For me, one of the greatest features of the smartphone is the ability to tether out a connection to a computer, laptop, tablet, or any other compatible Wi-Fi or Bluetooth-enabled device. When on-the-fly, it means I don’t have to waste any time sourcing a decent hotspot, and can instead get on with the task in hand. While most smartphones offer this feature natively though, often it is hidden which means you can often browse the Web on your smartphone, but cannot replicate the experience on your external device. Hotspot Control from Chainfire is a nifty little app which will enable (or indeed disable) the hotspot feature of your Android, and so if you’ve been having trouble accessing your hotspot settings, you may want to give it a try.
It’s worth clearing up, first and foremost, that this is not one of those apps that brings a hotspot to devices that don’t support it. There are such apps in existence, of course, but most of those require at least root access in order to function. Hotspot Control operates under the presumption that your device already has hidden hotspot functionality, and since it doesn’t require root, is a great way for almost anybody to create a hotspot free of charge. However, according to the description of the app “On some devices that do not have a cellular data connection capability (like the Nexus 10) the hotspot will not give out IP addresses – the app will auto-detect this situation and fix it, but root is required for that option”, so that’s one place where you’ll need root, otherwise, not needed.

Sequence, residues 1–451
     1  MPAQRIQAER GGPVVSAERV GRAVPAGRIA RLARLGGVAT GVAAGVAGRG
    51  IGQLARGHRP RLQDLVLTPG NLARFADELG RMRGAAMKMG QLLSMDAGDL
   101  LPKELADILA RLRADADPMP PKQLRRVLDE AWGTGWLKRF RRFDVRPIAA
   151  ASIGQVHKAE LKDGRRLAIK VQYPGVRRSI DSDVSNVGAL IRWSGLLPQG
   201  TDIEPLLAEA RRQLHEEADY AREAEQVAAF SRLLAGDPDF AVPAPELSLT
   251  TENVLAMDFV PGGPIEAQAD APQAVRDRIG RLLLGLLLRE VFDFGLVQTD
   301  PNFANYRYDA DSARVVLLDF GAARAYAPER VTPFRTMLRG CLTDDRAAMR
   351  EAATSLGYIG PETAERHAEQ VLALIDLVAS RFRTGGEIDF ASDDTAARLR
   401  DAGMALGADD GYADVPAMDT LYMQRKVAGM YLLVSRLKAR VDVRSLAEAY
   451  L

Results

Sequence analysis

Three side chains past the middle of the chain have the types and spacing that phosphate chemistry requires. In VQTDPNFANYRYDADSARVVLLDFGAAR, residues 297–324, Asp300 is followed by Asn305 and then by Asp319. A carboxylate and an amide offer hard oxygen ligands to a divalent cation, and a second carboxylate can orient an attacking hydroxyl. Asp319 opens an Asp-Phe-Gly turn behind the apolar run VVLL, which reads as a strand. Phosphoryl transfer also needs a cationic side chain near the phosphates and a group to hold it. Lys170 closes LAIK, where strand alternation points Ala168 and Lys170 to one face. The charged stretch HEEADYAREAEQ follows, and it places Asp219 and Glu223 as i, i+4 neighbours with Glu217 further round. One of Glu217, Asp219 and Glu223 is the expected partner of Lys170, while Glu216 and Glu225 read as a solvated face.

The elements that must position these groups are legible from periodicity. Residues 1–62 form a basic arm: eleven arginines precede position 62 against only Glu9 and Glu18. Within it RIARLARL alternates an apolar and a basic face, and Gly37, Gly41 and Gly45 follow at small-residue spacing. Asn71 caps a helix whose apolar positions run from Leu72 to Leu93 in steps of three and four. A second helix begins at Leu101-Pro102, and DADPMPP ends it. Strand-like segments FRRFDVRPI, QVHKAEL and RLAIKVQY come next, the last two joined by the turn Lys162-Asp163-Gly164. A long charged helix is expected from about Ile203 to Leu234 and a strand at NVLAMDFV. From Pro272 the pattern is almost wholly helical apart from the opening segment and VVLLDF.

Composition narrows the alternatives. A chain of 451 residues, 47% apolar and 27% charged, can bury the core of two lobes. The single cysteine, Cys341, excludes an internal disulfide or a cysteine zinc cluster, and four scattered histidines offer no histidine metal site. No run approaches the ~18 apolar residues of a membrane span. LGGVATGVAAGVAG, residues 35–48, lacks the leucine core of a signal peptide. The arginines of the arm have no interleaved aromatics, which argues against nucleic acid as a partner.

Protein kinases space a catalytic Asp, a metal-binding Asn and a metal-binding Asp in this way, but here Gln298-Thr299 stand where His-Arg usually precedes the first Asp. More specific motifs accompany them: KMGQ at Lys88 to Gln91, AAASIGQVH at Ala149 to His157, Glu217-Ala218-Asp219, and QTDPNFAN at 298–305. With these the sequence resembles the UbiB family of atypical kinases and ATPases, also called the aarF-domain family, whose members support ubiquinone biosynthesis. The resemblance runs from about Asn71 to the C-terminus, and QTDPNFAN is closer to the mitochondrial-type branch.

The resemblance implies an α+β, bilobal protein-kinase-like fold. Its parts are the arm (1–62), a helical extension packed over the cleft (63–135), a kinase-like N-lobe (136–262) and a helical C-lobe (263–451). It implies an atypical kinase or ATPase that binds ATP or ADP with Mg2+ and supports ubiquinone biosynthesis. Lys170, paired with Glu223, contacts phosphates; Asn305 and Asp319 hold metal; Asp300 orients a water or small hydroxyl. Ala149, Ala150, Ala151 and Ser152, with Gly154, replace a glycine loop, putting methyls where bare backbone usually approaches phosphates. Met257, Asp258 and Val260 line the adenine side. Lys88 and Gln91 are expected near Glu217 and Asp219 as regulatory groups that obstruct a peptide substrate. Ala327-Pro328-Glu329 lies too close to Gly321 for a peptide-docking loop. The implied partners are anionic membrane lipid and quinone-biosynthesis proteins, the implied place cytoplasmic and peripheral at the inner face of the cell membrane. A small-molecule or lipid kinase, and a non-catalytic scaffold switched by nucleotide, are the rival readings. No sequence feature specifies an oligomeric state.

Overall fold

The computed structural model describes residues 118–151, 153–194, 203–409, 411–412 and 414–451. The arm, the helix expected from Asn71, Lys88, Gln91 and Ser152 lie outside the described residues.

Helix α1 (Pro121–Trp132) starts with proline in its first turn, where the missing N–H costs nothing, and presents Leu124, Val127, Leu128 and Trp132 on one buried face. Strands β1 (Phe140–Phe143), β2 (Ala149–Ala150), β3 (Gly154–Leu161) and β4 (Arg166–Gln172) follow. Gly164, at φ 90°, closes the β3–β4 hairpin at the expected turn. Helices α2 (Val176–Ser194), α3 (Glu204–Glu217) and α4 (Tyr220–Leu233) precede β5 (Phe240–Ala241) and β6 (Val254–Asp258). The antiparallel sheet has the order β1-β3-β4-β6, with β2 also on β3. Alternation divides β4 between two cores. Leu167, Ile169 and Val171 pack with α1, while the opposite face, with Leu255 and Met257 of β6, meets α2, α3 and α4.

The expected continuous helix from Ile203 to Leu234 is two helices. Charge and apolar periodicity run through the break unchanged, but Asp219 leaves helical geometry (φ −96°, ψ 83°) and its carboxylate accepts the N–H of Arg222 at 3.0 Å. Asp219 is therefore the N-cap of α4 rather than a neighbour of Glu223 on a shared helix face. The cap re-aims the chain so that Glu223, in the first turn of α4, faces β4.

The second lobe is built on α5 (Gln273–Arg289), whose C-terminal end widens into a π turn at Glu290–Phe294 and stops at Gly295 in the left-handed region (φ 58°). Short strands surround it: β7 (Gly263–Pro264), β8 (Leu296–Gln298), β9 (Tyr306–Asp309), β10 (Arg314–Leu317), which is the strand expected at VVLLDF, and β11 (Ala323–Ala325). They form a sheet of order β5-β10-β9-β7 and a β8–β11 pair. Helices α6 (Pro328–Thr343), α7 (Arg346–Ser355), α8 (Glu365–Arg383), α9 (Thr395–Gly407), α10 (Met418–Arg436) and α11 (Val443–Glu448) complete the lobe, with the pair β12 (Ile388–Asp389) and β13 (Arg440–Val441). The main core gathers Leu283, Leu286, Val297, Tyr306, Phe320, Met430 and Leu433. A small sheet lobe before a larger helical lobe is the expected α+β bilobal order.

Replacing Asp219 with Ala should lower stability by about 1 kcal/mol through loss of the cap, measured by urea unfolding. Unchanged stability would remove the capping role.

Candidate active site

As well as facilitating a stable, reliable and (optionally) encrypted Internet connection, another instance whereby Hotspot Control may also come in useful is when your handset is lacking a SIM. When the SIM is removed from some devices, the hotspot feature disappears as if it was never there in the first place, but while you would need one inserted to get onto the Web, you can use Hotspot Control to create a secure, local-only private access point to suit your requirements.
You can customize your access point (name of your hotspot) to whatever you like, and with WPA2 AES + TKIP encryption, your private network won’t be an open book for everybody to connect to.
Please note, this is not one of those apps designed to circumvent tethering restrictions beset by your carrier. Although it may help you get around them, you could well be migrated onto a higher-paying contract or worse, so if you plan on trying some unauthorized tethering, proceed at your own risk.
(Source: Hotspot Control for Android on the Play Store)
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